I have the good fortune every day of seeing the work unfold across the amazing community of connected educators in the district where I work. They seek to understand contemporary learners and to offer learning opportunities that match the interests and passions of young people. It’s always a challenge when the prescriptive standards and state testing regimen of the last two decades continues relatively unabated. Yet, connected educators understand the importance of kids working beyond the walls of their classrooms, their schools and even beyond the boundaries of their communities, states, and nation. They see how kids use technology to search, connect, communicate, and make.
John Martin of SIR recently described one way young people differ from their parents. We’ve all seen children who live on their mobile devices – in homes, cafes, at school, shopping in the mall, and at social events. From John’s point of view, while Boomers and Gen X-ers live their experiences, Millennials share their experiences. It differentiates us. It also brings us together.
Connected educators realize that sharing the experience represents how young people process the world, community, friends, and learning differently today than when we once were the “youth” generation living experiences in our own way. As a result of observing and noticing this new experiential paradigm, savvy teachers use their understanding of young people to design and plan user experiences in response to today’s youth.
Connecting Connected Learners: What Connected Educators Do …
Create multi-age connectivity. 5th graders teaching 4th graders how to use Google apps? When I saw this tweet about @mthornton78 by his school’s principal, I was struck that he’s using what we’ve long known about the value of multi-age learning even as he supports children to create and sustain connectivity with each other as a community of learners, regardless of grade level designation. Children of different ages together learn differently than single age classes. Connected educators link older and younger kids inside and outside school.
Value learners’ entrepreneurial spirit, online and otherwise. Middle schoolers wanting to give back to their school? 8th graders in @ebredder’s and munseyclass ‘s interdisciplinary tech ed and science classes decided they wanted to transform their tech ed classroom for future learners. They knew it would take funding so they went to KickStarter with their project. Even though they are now 9th graders, they’re invested in seeing this project to completion. Connected educators help connected learners find pathways to personal agency, a sense of empathy, as they work to find solutions to problems of interest to them.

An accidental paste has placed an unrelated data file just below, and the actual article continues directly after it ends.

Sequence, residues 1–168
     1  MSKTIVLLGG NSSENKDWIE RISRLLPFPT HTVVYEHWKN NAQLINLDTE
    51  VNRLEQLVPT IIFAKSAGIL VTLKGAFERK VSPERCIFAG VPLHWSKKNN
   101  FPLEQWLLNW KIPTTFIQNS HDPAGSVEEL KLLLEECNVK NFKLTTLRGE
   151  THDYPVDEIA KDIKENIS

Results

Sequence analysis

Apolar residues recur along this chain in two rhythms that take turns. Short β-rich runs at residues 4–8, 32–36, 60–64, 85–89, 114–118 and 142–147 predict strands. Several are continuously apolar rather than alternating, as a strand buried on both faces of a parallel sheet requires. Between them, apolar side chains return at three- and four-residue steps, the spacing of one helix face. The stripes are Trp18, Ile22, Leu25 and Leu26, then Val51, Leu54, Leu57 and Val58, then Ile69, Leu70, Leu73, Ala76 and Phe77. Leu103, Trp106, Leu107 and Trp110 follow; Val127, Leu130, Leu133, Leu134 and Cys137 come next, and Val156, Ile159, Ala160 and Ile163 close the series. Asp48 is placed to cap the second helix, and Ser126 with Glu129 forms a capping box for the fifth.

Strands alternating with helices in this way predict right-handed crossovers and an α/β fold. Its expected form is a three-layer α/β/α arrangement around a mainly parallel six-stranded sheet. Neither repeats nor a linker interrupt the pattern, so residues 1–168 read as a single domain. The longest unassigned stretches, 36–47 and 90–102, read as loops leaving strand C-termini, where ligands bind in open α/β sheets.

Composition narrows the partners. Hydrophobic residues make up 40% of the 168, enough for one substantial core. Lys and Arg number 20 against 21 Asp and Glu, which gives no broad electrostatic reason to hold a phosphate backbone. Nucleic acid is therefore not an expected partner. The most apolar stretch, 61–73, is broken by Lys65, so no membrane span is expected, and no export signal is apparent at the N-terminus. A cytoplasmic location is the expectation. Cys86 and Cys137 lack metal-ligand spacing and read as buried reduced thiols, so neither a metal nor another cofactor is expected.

Honor the power of authentic global audiences for passion-driven project work that needs far more than a class presentation and a grade. Why not encourage young musicians to write music to share with the world? @mrgloverMHS understands that high school students love to create. They also love music. Put the two together and you have kids who write lyrics, construct beats, record their music, and share it with the world. In doing so, they become authors, poets, composers, producers, performers, and marketers of their own work. It’s a pathway to careers, lifelong avocations, and friendships they never expected.
Recognize that young people have voices of influence and expertise outside their school. How might a group of third grade @calecolts raise over six thousand dollars to support Charity: water projects in a third world country? Blog it, of course. Savvy teachers know elementary students are capable of influencing peers, teachers, parents, and even the greater community. Tapping into the Internet isn’t just about accessing expertise beyond school, it’s also about young people becoming a source of influence and expertise within the global network.
Teachers use many different connected learning strategies to support learners in both formal and informal learning experiences. Young people interact naturally with contemporary tools that provide “in the moment” access to research knowledge and produce content. Connectivity allows learners to add context to content. There are so many examples of how young people informally make learning happen. There’s Jeff* who started his own weather center in high school and now creates his own school TV, weather show, local twitter weather feed, and YouTube channel. Sam* who has created his own logo company. And Anna* who wants to start her own culinary line of snacks, marketed online of course.
Connected learners. Connected educators. Learning together.